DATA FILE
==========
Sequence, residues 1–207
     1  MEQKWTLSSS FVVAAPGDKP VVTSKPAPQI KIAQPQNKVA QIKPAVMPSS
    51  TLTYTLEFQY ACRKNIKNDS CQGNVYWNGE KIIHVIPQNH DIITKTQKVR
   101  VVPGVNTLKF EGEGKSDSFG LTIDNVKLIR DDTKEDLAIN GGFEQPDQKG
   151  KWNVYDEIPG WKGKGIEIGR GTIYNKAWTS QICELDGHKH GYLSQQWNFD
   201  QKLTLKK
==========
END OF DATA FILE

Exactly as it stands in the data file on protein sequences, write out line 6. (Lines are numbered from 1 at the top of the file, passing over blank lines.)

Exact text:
   201  QKLTLKK